Let's begin with an exercise. First, name the eight most important people in your life - friends, family, rock stars. These are your Top 8. Now rank those people in order of importance. Finally, send a copy of this list to everybody you know, including people who didn't make the cut. Be careful not to hurt the wrong feelings, or you may end up getting bumped from other people's Top 8s.
OK, so, you're either lost in terrifying flashbacks of middle-school cruelty - or you've already made such a list, already showed it to all your friends, and since you didn't make all their Top 8s, you've already deleted the offenders from your list (and prayed they noticed). In other words, you're already on MySpace.com or one of the many other social networking Web sites such as Facebook.com or Friendster.com, doing your best to navigate this complex new world of friends-of-friends-of-friends-etc. with as few social casualties as possible.
If the Internet was once ungoverned by etiquette, those days are gone; MySpace and its peers, by many accounts the future of the Net, are rife with discussions of good manners versus unforgivable faux pas. There isn't an aristocratic class, just yet, but you can see the lines forming in the sand, renegades and bad boys posting bulletins pell-mell, uploading risque pictures, collecting "friends" as if it's all some big popularity contest - while mannered netizens look on disapprovingly. Screw up and you just might get dumped, online and off.
J.D. Funari is hoping that clarity prevents offense. A week after logging onto MySpace, the 24-year-old TV editor from Studio City posted a disclaimer above his Top 8: "Since this 'preferred' listing of friends can quickly become unnecessarily political, I'd like to briefly explain my sorting technique," he wrote.
"The first spot will always be my brother (for obvious reasons), and the second spot will always be my friend Katie (for reasons obvious to Katie and I). The third and fourth spots are reserved for music and movies of interest. Five and six are wild-cards which may be related to how well I know the person and/or if I'm dating them (opposite sex only) and/or if they've paid me for inclusion. The final two spots are, to be perfectly honest, the two most attractive current female photos from my list of friends."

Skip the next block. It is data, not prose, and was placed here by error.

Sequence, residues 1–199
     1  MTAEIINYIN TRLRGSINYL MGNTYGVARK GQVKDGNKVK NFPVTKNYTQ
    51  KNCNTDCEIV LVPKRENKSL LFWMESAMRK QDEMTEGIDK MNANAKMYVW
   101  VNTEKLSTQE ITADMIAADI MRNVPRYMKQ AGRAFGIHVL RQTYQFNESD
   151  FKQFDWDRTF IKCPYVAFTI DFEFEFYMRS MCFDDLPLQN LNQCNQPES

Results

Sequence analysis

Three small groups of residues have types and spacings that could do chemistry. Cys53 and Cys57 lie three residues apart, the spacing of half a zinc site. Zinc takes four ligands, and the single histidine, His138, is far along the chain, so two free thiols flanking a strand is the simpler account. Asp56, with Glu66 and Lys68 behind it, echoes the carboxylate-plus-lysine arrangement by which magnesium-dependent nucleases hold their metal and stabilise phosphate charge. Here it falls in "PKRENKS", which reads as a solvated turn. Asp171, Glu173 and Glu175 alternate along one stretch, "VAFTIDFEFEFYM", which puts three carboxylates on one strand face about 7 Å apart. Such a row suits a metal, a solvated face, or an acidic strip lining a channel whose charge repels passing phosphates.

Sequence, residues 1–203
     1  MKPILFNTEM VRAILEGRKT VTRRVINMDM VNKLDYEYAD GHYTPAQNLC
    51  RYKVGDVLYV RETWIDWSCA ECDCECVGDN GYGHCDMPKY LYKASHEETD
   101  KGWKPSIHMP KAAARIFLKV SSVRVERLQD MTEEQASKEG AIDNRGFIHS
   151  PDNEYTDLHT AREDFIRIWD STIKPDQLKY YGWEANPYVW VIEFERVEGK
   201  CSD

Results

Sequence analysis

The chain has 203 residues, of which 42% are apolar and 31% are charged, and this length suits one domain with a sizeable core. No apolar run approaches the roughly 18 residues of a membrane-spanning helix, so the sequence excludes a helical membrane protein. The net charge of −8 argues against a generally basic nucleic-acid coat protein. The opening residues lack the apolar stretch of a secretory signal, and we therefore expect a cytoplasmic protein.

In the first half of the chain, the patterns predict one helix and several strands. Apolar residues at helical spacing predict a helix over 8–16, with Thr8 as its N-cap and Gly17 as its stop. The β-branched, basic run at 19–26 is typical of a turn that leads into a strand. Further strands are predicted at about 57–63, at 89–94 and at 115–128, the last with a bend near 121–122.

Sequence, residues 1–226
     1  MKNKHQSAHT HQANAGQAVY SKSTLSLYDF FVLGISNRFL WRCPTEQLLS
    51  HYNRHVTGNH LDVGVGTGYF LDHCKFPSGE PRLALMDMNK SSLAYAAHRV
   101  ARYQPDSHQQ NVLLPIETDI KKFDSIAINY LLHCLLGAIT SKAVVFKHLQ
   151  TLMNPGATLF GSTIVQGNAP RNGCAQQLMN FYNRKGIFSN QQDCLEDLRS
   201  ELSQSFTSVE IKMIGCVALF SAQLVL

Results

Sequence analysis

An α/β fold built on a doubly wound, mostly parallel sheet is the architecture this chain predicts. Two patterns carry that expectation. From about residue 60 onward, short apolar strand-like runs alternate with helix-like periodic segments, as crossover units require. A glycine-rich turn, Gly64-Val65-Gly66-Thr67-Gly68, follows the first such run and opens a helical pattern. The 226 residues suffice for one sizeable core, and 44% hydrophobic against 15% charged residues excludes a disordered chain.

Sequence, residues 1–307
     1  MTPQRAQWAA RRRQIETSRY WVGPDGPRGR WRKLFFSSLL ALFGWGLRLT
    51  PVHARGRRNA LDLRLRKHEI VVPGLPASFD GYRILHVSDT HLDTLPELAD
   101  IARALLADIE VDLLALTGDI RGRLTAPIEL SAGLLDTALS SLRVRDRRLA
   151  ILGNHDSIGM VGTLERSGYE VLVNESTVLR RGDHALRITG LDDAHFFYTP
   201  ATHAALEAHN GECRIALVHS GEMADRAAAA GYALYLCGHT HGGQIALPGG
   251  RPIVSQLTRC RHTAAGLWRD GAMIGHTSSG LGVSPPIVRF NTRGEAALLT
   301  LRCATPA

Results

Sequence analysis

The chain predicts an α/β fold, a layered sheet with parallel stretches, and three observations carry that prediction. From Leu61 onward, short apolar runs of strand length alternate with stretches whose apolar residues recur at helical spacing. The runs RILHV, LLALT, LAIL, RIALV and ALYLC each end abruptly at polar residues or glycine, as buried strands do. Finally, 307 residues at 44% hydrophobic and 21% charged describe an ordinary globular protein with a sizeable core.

MySpace profile pages are customizable in many ways; you can add pictures, music, write blogs, list your interests or skip all this entirely. You can allow friends to jot comments directly onto your page, viewable by all, or you can retain absolute control. But try as you might, you can't avoid classifying your relationship status, which isn't always easy to do.
After the Top 8, relationship status causes the most ire in the MySpace world.
"It gets highly dramatic," says Danah Boyd, a doctoral student at the University of California, Berkeley, who is studying the culture of social networking. "Sometimes one person thinks they're single while the other person thinks they're dating."
What results is an inordinate amount of "swingers," an allowed choice that's sufficiently deviant for teens, ironic for adults (minus actual swingers) and has quickly become socially acceptable within the MySpace mainstream. Still, there remain many conventionalists who choose "single" or "in a relationship," and watch their physical and digital worlds intertwine.
Five months ago, 27-year-old James was "in a relationship," according to his MySpace page. Then James, a New York public relations executive who declined to provide his last name, broke up with his girlfriend and switched to "single."
In the real world and online, James and his ex remained friends, so when James started dating another woman, he didn't want to rub it in his ex's face. He delicately broached the MySpace topic with the new girlfriend, and they agreed not to switch their designation to "in a relationship" just yet. So: single online, together off.
In this case, James and his girlfriend were making the safe assumption that their exes engage in "MySpace stalking," the practice of secretly keeping tabs on friends, lovers, co-workers, celebrities or complete strangers by reading their profiles.
In February, James hit gold. He came across a Web site, Whospyme.com, which gave users the ability to watch the watchers. Unlike the dozens of hoaxes circulating throughout MySpace, this one actually worked. "It showed who visited my page and the exact time they visited. One girl, an old friend, checked it almost every hour." James was omniscient for nearly two weeks until MySpace blocked Whospyme, returning him to darkness.